Last week I learned of yet another company, Echo Therapuetics out of the Boston area, that is developing a transdermal continuous glucose monitoring system for people with diabetes. Naturally that means a non-invasive monitor that takes constant readings through your skin.
Been there. Heard that. Right?
Well, allow me to briefly introduce their work before we get into the discussion about whether skin-surface monitoring will ever succeed.
Echo’s Symphony system is made up of four separate parts: the Prelude™ skin permeation system, transdermal sensor, wireless transmitter and wireless remote monitor.
If I am reading this detailed analyst report correctly, here’s how it all works:
1) The user employs the ultra-sensitive Prelude hand-held device to scan the skin and apply the transdermal glucose sensor.
The weird bit is that the Prelude actually removes the stratum corneum (the outermost layer of the epidermis) — painlessly, they claim — “which enhances the flow of interstitial fluids and molecules to the Symphony transdermal sensor.”
The magic of the system is apparently in the Prelude’s “proprietary feedback control mechanism, which consists of software, microprocessor controlled circuit and measuring electrodes.”
Its function is to measure the real-time electrical conductivity under the skin, and automatically turn off the system when a certain skin depth is reached. That’s the point at which the transdermal glucose sensor is adhered to you.
2) The sensor that’s put in place consists of “an electrochemical glucose sensor, a hydrogel layer, a potentiostat and a short-range RF9 transmitter.” It takes readings every 20 seconds, and a three-reading average is sent to the monitor every minute, which is what you’ll view.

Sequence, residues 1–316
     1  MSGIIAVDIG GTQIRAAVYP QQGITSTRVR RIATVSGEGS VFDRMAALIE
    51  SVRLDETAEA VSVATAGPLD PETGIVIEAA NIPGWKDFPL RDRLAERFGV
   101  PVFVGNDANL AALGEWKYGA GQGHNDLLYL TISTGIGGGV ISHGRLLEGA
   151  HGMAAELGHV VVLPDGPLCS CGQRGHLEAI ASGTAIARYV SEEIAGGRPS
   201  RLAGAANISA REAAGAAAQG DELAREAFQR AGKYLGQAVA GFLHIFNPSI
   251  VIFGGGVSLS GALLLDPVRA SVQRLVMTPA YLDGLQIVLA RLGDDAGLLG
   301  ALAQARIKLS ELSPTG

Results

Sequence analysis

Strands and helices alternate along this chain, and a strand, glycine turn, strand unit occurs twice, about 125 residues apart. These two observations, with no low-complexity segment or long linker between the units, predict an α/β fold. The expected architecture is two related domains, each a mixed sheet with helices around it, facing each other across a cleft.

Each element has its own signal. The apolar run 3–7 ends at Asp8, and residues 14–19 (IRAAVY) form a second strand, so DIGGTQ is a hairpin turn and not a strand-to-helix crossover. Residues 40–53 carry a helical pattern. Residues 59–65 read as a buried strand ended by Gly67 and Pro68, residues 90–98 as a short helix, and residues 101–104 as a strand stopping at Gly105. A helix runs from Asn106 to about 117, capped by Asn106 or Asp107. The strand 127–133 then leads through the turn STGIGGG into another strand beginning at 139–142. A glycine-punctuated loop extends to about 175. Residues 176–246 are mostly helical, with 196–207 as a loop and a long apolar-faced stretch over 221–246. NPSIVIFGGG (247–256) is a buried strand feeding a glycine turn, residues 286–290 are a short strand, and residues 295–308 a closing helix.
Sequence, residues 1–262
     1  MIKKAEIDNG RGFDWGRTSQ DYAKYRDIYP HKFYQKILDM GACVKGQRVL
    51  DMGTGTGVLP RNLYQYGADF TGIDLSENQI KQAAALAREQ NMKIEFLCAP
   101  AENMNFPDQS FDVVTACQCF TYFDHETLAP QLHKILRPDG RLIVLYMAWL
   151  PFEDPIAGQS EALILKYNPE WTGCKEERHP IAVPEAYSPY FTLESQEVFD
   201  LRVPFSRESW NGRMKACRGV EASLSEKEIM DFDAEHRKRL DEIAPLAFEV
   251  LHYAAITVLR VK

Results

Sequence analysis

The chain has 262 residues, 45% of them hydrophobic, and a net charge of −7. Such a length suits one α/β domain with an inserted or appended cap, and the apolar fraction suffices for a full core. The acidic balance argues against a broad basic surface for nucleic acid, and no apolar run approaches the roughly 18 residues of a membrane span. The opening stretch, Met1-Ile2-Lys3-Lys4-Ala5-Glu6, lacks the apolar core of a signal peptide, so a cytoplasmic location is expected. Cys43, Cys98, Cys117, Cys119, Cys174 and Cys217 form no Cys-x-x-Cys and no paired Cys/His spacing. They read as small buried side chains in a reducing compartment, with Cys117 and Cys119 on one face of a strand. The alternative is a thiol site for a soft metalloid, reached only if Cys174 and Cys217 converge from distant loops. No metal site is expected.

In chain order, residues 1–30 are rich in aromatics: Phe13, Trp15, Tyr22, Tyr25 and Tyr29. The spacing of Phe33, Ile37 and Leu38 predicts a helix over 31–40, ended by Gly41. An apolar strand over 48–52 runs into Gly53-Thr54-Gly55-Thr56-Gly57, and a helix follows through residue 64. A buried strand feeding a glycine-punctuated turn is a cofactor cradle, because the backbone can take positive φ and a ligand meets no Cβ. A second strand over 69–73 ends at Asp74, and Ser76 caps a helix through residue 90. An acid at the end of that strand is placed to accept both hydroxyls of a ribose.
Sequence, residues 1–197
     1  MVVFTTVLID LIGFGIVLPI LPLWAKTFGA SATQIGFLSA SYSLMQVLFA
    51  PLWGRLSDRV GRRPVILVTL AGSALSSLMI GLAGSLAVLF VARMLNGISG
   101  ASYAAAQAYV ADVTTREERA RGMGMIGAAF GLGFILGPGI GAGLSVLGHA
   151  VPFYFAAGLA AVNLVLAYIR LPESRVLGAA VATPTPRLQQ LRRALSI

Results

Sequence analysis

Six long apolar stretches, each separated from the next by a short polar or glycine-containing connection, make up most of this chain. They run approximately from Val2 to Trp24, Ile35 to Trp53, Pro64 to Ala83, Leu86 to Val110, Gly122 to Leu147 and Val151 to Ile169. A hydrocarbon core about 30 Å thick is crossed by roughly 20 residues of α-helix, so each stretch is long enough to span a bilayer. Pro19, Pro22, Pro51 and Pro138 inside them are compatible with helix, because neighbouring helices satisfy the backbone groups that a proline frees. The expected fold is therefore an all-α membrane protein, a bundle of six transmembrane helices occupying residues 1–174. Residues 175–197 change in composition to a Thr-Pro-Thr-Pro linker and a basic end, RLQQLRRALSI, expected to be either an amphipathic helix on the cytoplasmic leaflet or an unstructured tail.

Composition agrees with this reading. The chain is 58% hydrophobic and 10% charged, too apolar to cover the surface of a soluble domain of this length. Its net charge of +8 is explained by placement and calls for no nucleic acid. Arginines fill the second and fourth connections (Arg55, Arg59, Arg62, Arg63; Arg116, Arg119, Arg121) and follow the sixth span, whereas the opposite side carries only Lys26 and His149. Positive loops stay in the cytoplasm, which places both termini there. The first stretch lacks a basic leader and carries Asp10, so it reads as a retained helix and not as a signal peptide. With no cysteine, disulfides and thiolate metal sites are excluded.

3) It sounds like there’s no lengthy start-up period: “Once the sensor and the transmitter are adhered to the skin, the transmitter automatically starts to send data to the monitor, once every minute.” However, the sensor can only be worn up to 24 hours (!)
4) The Symphony monitor will display the date, time of day, sensor current, blood glucose reading and rate of increase or decrease, amount of time the transmitter has been switched on, battery status and any alarm or error modes.
NOTE: Echo Therapeutics states that they’re also developing data transmission such that any portable device can receive, decode and display the Symphony’s data. (Now that would be cool.)
They are targeting mid-2010 to submit this system for FDA approval.
The company has already run three small pilot studies comparing its system with standard blood glucose meters and with hospital-grade blood gas and serum glucose meters. That all seemed to go well.
The company also plans to conduct one additional pilot study before starting its larger clinical trial for the FDA. The pre-trial will likely include about 350 patients in a hospital ICU setting, they state.
And I quote the report: “While we believe the trial should be successful, there are many factors that can cause it to fail...”
Interestingly, what comes next is a long discussion of the NICE-SUGAR clinical studies, and the resulting skittishness about tight blood sugar control, and a load of detail about the difference in types of FDA clearance that a company may be required to apply for.
Nothing about the GlucoWatch debacle, or the fact that no one has come up with a successful way to measure glucose without needles yet. And even if they did, I’m sure you’ll agree that further compromises on accuracy are not in anyone’s best interest. It better be at least as accurate as current fingerstick meters!
Still, the way I see it is: the odds are in our favor. The more organizations pushing towards needle-less measurement technology, and the more fuss the FDA makes over glucose meter accuracy, the more likely we are to see advances on both fronts.
I think it’s all good as long as we are very, very patient (the hardest part about being a “patient,” of course).